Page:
November 29th, 2013 | Category: Metabolic engineering, Protein design, Synthetic Biology | Leave a comment

Potential PhD Position: Biosynthetic Lego: Building antibiotic assembly lines from first principles

There is a PhD position available with Paul Race at Bristol that I will be co-supervising (subject to securing the funding). If successful this will be funded through the South West Doctoral Training Partnership. The PhD will be a fully-funded, four-year programme designed to provide training in cutting edge world-class bioscience and food security research skills.

The project details are below (and also here), and the deadline for application is Friday 10th January 2014. Coincidentally the last day of the SEB Synthetic Biology workshop (shameless plug): deadline for abstracts and registration looming (Dec 6th)!

Main supervisor: Dr Paul Race (School of Biochemistry, University of Bristol)

Second supervisor: Dr Thomas Howard (I really should get my web-page updated) (Department of Biosciences, University of Exeter)

With: Dr Ross Anderson (School of Biochemistry, University of Bristol) & Prof Chris Willis (School of Chemistry, University of Bristol)

Nature has evolved many elegant strategies for the assembly of complex bioactive natural products. The most sophisticated of these involves the action of giant assembly line like megasynthases, that fuse and tailor simple carboxylic acid monomers into a vast array of elaborate carbon scaffolds. This biosynthetic logic is found extensively in the polyketide pathway, and has provided us with many of our most important clinically used antibiotics, e.g. the tetracyclines. There is considerable interest in the rational reengineering of these enzymatic machines, en route to the production of ‘non-natural’ natural products with enhanced bioactivities. To date reengineering strategies have focused on the deletion, insertion, or transplantation of defined synthase components within or between pathways. These modifications have been predominantly directed by bioinformatic analysis of nucleotide sequences. Using molecular level structural information of megasynthase components to guide synthase reengineering is an inherently more powerful approach for manipulation, as module/domain boundaries, enzyme active sites, protein-protein interaction interfaces and inter-module/domain linkers can be accurately defined and interrogated. Further, by using these data as a starting point one is well placed to begin constructing megasynthases de novo, introducing specified biosynthetic functionality to yield desired chemical and stereochemical output in the final pathway product.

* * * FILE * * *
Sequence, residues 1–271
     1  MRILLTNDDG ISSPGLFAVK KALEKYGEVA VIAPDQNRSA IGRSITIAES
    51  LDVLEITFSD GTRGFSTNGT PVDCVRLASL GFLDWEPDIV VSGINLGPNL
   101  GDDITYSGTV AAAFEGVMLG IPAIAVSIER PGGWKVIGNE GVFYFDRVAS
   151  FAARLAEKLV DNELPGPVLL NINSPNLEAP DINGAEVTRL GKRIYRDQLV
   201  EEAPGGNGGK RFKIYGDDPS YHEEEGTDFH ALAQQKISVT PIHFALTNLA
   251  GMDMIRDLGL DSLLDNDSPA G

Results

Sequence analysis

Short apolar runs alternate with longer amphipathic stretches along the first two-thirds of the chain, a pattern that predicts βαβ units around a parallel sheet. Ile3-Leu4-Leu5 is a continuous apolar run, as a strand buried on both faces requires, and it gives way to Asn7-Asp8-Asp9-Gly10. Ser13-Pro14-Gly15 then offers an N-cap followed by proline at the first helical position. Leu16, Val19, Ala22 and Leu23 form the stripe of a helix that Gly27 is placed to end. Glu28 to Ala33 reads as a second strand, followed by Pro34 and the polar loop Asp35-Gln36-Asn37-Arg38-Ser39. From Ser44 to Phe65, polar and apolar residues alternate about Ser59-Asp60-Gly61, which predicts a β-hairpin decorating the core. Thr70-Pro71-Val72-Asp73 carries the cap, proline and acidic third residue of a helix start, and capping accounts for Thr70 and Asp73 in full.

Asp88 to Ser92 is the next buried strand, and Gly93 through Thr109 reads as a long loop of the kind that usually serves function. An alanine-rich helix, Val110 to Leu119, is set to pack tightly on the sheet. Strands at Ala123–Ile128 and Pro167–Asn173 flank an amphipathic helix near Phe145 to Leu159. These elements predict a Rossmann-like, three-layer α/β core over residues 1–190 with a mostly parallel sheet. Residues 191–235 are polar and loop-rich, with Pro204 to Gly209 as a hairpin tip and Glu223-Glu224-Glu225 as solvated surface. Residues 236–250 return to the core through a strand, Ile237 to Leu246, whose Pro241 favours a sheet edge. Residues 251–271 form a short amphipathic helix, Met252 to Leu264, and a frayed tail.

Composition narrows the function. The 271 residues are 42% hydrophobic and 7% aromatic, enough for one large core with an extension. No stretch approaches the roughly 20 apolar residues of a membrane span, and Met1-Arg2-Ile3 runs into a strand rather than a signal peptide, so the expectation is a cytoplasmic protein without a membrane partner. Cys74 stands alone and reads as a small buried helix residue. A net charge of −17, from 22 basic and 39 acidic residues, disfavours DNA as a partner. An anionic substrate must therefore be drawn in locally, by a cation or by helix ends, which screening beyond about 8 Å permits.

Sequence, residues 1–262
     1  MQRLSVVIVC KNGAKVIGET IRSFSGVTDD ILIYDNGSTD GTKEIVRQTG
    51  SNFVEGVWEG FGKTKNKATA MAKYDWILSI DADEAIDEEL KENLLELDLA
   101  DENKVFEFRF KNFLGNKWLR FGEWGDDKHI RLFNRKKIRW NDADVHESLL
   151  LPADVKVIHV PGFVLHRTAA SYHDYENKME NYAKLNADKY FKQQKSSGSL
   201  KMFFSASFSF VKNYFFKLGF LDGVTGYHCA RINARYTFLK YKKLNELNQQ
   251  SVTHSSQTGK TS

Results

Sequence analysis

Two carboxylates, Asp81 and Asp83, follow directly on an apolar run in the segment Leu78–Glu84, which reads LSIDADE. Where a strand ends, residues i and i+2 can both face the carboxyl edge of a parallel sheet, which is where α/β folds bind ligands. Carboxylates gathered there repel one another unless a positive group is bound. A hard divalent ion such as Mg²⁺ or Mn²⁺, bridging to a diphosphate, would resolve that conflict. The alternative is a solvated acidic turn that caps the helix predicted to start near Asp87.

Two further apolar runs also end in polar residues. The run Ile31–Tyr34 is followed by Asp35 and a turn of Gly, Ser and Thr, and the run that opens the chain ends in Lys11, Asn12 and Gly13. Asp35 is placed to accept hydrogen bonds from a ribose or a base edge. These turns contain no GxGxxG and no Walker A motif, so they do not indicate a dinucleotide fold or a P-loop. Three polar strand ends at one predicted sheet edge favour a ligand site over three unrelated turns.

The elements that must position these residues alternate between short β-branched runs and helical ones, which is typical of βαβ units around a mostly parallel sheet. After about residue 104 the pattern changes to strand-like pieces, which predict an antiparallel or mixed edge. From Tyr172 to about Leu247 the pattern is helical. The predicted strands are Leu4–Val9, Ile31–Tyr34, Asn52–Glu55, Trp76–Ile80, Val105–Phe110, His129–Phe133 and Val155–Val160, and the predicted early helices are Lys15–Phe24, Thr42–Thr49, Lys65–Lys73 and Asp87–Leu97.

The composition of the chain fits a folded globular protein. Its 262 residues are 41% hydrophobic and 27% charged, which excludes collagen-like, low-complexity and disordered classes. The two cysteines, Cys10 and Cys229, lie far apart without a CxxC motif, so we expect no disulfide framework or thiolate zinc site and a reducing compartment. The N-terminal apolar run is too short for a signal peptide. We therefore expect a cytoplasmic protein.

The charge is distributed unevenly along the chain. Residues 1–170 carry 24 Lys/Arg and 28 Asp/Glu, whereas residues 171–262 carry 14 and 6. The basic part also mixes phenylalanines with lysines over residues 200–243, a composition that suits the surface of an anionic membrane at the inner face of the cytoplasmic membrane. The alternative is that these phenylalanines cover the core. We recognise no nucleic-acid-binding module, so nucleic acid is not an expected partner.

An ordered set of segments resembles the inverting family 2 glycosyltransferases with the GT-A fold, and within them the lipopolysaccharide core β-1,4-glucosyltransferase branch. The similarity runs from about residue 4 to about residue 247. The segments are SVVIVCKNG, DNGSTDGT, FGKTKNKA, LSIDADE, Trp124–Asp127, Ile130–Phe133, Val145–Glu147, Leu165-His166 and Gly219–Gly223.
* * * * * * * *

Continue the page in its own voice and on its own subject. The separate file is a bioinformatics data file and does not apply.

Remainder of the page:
This project will marry the complementary expertise of Race (structural enzymology natural product biosynthesis), Howard (pathway redesign and genome engineering), Anderson (enzyme design) and Willis (analytical and synthetic chemistry), in attempting to construct, from first principals, minimal assembly line like megasynthases for the production of new to science polyketide antibiotics. Our approach will be to use the considerable volume of detailed structural and functional information garnered in the applicants’ laboratories (crystal/NMR structures, enzymatic analyses, PPI studies, chemical information, etc.) to construct minimal synthase mosaics with defined biosynthetic activities. We will explore and define the rules of synthase construction and introduce our new systems into microbial hosts en route to the scaleable production of new chemical entities. All novel compounds isolated from this study will be tested for antimicrobial activity and where appropriate taken forward for clinical evaluation.

During the first year of the project the student will undertake 2 rotation projects. The first of these will be based in the Race lab, University of Bristol and will focus on the design and synthesis of the first iteration ofde novo minimal synthases. During this rotation training will be provided in protein structure analysis and enzymological methods. The second rotation project will be performed in the Howard lab, University of Exeter. During this placement training will be provided in genome engineering, molecular biology and associated analytical methods. Please note, as the second rotation project will be located in Exeter, depending on your preference you will be either required to travel to Exeter on a daily basis or accommodation will be provided at Exeter for yourself.

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